6. Through consultation with an English department advisor, secure the approval of the Department to proceed with the Honors Thesis. [Note: The advisor may recommend another faculty member in the department as the thesis advisor in order to match faculty expertise with the topic of the thesis.]
  7. Complete ENGL 4900: Senior Honors Thesis by writing a thesis that meets departmental standards for exceptional work. Students who complete ENGL 4900 will earn 1 credit hour. [Note: Even theses that do not meet standards for exceptional work and thus do not earn honors will earn 1 credit hour, if completed.]
    1. For English majors, an original scholarly essay
    2. For English majors with an emphasis in Drama & Playwriting, an original scholarly essay on dramatic literature or an original play
    3. For Creative Writing majors, original creative work by the student

Potential Honors students must fill out a petition to write the Honors Thesis in the semester prior to graduation, and set up a plan with their thesis advisor for completing the thesis. This plan should include the topic and range of the scholarly work or the type of creative work, and should leave time to turn in multiple drafts of the thesis before the due date.

Honors theses are due the Monday following the semester break in the final semester of study. These due dates are not flexible.

Extracurricular, Clubs, Publications

The Literature Club

Our mission is to encourage and engage with the art of the written word both amongst ourselves and within the greater community. We are open to anyone and everyone who shares a love for literature and wishes to join in the promotion of reading and writing. Join us for our regular meetings, for the Halloween Scary Story Night, the Dickens-themed Christmas Party, and our other events throughout the year.

The Student Reading Series

One evening each semester, we pack Pearson House to celebrate the work and words of some of our outstanding student writers with readings of their fiction, poetry, and nonfiction. Get there early—this event is typically standing-room-only. Here's some video of past student readings in the Series.

The Green Fuse

Webster University's literary magazine is student-written, student-edited, and student-produced. Since 1982, student editors have chosen the best fiction, poetry, drama, nonfiction, and translations submitted each year by Webster students at the home campus and around the world. See samples of past editions here.

The Lit-Mag Lending Library

Our lit-mag lending library is located in the basement level of Pearson House, and contains hundreds of editions of some of America's finest literary magazines. Students can "check out" one magazine at a time, read and return, and get another one.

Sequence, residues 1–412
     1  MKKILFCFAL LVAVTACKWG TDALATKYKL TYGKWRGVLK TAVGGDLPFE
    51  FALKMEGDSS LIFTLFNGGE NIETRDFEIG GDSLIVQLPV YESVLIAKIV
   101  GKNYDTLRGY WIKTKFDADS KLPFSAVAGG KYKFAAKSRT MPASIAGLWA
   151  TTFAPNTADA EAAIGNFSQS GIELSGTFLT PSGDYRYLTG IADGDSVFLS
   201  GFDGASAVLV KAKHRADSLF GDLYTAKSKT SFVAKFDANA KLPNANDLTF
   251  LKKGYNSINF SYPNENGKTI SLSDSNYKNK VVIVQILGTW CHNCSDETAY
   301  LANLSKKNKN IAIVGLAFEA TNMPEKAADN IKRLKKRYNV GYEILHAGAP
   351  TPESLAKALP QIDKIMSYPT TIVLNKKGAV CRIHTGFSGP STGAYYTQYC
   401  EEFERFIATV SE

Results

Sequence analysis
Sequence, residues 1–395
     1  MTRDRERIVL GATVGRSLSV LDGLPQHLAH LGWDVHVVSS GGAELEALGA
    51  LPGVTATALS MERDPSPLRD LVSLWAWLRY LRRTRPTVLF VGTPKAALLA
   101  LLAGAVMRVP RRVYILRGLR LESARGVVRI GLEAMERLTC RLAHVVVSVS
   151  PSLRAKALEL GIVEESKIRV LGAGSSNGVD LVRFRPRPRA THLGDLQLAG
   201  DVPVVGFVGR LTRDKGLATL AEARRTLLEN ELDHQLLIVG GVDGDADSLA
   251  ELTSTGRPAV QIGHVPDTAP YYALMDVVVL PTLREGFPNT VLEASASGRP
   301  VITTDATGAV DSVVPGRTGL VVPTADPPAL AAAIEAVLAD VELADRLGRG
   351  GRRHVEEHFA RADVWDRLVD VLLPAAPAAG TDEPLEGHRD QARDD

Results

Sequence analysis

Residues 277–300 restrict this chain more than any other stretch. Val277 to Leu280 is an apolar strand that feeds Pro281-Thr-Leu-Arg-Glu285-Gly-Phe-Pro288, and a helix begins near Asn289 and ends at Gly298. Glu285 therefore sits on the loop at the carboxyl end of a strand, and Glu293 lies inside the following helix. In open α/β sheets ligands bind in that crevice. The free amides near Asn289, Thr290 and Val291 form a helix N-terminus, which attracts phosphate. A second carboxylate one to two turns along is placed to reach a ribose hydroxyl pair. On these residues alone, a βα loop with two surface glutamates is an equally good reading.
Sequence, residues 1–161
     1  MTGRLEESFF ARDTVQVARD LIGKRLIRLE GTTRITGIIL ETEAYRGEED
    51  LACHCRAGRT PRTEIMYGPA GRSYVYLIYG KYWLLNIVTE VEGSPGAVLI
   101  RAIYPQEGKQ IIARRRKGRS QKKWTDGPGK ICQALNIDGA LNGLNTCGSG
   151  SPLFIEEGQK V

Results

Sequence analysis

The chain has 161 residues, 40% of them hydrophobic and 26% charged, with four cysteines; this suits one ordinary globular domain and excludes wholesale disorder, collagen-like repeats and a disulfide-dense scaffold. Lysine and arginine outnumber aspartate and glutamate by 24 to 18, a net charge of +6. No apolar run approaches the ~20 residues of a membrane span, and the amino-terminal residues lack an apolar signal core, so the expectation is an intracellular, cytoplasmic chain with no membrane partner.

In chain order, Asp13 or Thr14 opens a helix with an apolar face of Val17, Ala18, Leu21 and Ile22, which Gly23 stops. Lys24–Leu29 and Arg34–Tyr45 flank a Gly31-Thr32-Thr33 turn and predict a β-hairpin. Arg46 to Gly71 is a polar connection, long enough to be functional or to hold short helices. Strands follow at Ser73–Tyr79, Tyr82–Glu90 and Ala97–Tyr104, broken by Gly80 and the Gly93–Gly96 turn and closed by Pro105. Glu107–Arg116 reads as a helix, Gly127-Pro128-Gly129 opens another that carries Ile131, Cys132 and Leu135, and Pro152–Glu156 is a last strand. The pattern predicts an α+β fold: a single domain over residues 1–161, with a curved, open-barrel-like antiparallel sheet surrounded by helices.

The Mercury

The Mercury is the English Department's annual publication for faculty-selected papers and honors theses.

Career Resources

Webster University's English Department graduates are a highly successful group. Among our alumni, we list CEOs; business owners; attorneys; corporate officers; educators; writers; managers; government workers; executives in IT, finance, marketing and advertising, social media, non-profits, public relations, staffing and human resources, sales, development and fundraising; and the list (available to all current and prospective students LINK TO CONTACT MURRAY FARISH) goes on.

Our graduates succeed because they're smart and talented, but also because our degree programs prepare them for success. In your courses, you'll learn how the skills you're developing in reading, analysis, and writing translate into meaningful, profitable 21st-century careers. Our experiential learning program gives you demonstrable practical experience you can show to prospective employers. And there's more we do to prepare you for life after graduation. All Webster University English Department students have access to:

  • ENGL 2000: What's Next? The English Major After Graduation—In this one-credit-hour course that we recommend for all English Department majors, we lay out practical steps to finding fulfilling and meaningful careers. Students learn to research job fields; write engaging and eye-catching cover letters and resumes; build and manage professional networks; and see the ways their English Department skills translate into the modern workforce. Students also conduct informational interviews; participate in mock interviews with local professionals; and meet and hear from distinguished guest speakers.
  • Professional Writing courses like WRIT 2090: Writing in the Workplace and WRIT 3400: Editing and Style.
  • The Webster University English Department Alumni Network (LINK)—Our dedicated alums will talk to you about their career experiences and provide advice about starting your job search.
  • The Webster University Career Planning and Development Center (LINK)—the CPDC has extensive resources to help launch your career.

And if you're still concerned that a degree in English won't lead to a rewarding career, click on the following links: